There is obviously a broad misunderstanding, shared by some in the business community and even in the Department of Education, that teachers are "automatically" granted tenure after working in a school for three years.
As Advocate reporter Will Sentell writes here, they believe that tenure is "passive and routinely granted" after "just the lapse of three years."
That, of course, is simply not true. As LFT President Steve Monaghan points out in this letter to the editor, "in order to become tenured, a teacher must first have an academic degree, pass the relevant sections of the PRAXIS examination, and meet all other requirements to be certified. In addition, the teacher must then undergo a three-year probationary period. During that time, the teacher must be mentored, observed and evaluated by school administrators."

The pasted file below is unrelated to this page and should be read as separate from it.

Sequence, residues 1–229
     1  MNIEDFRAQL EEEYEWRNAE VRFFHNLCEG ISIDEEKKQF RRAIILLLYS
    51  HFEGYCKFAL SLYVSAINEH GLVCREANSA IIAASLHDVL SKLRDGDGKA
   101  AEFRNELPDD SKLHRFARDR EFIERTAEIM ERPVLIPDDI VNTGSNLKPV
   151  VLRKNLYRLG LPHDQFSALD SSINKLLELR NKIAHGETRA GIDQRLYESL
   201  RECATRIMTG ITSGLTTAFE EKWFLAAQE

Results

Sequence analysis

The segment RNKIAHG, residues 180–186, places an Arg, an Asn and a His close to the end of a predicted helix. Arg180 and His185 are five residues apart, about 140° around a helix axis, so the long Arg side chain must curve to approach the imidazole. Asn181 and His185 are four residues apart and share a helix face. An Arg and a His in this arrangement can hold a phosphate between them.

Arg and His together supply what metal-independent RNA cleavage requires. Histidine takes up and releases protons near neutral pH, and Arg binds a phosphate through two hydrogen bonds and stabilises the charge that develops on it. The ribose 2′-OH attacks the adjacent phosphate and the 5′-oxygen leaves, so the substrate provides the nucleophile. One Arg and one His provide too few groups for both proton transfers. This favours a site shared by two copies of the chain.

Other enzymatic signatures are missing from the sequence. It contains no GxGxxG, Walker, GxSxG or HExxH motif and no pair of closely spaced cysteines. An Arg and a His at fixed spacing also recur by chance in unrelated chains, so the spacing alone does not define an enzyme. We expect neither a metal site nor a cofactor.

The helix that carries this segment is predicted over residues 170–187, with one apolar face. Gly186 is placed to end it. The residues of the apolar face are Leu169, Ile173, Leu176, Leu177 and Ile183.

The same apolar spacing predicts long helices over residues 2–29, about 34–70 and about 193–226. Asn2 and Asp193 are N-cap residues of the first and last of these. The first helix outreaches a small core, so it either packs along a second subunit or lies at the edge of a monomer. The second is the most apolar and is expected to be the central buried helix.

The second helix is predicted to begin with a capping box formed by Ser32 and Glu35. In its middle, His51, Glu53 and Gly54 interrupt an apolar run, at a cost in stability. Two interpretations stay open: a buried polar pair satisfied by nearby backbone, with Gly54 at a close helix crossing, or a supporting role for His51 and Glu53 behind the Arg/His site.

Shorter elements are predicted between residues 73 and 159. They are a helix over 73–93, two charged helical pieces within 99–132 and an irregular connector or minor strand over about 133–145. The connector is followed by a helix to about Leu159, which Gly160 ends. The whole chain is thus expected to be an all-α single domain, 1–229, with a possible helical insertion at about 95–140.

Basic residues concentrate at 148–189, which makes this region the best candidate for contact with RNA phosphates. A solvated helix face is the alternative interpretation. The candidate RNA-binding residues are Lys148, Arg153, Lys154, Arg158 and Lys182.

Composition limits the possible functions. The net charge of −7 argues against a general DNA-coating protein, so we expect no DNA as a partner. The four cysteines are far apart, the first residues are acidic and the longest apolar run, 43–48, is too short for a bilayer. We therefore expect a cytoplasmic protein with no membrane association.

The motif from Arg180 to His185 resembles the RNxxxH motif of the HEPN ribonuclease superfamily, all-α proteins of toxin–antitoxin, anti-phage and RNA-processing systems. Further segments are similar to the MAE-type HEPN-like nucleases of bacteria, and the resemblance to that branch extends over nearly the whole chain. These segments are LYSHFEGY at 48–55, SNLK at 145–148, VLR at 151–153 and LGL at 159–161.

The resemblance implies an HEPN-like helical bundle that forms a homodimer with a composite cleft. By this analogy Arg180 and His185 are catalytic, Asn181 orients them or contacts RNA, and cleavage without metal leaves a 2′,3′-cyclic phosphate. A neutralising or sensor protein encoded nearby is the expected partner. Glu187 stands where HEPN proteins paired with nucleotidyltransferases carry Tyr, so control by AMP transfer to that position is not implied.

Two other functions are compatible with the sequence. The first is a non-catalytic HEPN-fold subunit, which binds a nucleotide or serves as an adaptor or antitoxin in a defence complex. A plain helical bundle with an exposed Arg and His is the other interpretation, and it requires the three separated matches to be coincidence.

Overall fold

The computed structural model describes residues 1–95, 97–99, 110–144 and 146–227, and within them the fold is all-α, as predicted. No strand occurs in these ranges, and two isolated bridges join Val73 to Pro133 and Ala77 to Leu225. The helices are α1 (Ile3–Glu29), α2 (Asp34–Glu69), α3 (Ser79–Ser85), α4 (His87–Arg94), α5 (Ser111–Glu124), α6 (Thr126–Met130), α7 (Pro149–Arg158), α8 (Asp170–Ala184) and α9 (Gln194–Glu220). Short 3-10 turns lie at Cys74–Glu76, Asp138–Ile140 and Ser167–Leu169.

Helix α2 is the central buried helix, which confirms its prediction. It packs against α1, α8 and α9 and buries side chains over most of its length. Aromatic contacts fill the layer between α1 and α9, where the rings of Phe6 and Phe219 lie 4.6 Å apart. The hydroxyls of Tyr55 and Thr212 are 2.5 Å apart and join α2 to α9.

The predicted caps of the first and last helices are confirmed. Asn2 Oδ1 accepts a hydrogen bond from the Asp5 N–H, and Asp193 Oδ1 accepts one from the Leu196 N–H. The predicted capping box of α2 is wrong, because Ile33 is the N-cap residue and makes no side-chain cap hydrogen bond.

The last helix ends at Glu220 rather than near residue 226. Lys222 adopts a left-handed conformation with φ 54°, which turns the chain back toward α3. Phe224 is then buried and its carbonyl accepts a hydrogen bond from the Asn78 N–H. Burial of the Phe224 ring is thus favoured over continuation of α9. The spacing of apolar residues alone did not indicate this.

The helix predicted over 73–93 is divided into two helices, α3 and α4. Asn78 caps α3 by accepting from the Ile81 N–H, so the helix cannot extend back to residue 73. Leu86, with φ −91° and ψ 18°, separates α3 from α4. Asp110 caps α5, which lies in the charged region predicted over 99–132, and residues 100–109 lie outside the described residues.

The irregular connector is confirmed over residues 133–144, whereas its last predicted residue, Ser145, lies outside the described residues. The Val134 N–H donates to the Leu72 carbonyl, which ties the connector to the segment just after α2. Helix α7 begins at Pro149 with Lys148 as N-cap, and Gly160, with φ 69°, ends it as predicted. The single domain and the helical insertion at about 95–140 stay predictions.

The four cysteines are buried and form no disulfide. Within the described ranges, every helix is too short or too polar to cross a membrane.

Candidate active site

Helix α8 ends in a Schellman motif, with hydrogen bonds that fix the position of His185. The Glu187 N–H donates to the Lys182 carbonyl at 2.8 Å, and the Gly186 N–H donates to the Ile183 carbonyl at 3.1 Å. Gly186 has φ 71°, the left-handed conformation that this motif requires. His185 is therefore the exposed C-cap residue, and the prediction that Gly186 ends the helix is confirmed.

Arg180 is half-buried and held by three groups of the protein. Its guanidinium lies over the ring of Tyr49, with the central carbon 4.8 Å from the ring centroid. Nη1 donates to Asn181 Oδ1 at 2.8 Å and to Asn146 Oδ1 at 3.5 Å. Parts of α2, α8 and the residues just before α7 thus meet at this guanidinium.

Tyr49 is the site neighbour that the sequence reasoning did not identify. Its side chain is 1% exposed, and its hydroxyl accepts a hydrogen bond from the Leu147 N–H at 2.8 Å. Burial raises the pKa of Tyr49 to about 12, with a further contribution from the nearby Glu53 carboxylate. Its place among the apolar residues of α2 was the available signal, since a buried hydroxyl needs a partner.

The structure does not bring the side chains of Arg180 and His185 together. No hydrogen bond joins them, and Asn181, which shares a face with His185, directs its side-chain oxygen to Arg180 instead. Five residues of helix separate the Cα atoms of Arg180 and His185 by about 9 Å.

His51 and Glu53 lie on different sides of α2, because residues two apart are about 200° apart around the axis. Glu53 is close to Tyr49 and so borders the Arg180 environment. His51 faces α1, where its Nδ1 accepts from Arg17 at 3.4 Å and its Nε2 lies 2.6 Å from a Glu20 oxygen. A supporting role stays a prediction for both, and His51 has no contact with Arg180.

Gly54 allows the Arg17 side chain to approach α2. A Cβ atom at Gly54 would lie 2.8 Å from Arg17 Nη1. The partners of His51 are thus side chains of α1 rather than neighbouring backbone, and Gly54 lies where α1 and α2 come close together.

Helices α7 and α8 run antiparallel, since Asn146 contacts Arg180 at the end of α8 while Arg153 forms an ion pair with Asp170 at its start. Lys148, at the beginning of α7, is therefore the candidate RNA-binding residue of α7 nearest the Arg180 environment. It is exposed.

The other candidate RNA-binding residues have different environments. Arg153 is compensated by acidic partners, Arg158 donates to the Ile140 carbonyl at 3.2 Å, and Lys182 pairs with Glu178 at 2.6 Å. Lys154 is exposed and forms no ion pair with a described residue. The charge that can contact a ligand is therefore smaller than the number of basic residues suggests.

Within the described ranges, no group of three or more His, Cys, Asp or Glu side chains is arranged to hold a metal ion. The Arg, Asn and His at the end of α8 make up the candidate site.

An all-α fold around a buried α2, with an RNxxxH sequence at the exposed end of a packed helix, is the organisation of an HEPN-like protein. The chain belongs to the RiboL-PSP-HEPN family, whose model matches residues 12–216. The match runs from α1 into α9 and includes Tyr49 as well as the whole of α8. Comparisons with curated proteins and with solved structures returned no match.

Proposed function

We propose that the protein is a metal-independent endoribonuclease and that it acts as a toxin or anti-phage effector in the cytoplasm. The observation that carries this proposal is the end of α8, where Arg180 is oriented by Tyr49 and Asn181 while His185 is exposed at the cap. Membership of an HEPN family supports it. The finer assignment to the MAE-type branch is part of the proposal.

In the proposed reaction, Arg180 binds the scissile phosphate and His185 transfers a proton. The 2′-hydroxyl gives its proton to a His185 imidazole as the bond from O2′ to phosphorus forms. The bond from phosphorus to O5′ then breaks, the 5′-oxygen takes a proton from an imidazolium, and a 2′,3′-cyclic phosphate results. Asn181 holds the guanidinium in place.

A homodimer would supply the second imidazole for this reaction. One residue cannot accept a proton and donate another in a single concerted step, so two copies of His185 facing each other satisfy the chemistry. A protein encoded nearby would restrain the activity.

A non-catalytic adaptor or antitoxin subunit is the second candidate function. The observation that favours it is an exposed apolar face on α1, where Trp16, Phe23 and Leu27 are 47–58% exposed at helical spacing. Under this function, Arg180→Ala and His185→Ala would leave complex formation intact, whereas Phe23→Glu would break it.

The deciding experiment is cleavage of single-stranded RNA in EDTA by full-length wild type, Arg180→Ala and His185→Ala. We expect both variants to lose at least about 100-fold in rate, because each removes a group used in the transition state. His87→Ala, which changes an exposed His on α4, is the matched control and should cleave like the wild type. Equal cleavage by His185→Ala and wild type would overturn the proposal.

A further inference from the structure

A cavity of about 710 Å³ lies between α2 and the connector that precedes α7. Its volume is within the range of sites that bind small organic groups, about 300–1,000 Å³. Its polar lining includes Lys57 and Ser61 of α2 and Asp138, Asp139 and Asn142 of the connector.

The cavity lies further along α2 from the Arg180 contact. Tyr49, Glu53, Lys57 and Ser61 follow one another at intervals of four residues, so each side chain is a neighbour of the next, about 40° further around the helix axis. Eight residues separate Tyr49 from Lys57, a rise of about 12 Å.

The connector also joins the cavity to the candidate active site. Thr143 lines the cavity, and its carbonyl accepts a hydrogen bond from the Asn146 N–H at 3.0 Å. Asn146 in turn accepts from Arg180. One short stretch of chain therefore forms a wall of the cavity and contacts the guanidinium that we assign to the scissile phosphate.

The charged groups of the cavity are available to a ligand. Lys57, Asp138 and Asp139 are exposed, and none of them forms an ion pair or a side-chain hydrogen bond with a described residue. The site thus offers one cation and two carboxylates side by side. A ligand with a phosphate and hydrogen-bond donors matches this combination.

Administrators, Monaghan notes, have an obligation to ensure that teachers are effective before tenure is granted.
The LFT president says that tenure "should be a mark of excellence, and connote to the general public that the teacher who has earned tenure is a highly qualified, professional educator."
The Federation's goal, says Monaghan is to ensure that tenure is "an active and meaningful process, one that honors the teaching profession, enhances the teacher's professional credentials, and provides the general public with an assurance of quality."
Simply put, the Federation will support initiatives that aim for that goal, and oppose any that seek to diminish teachers or to devalue teacher tenure.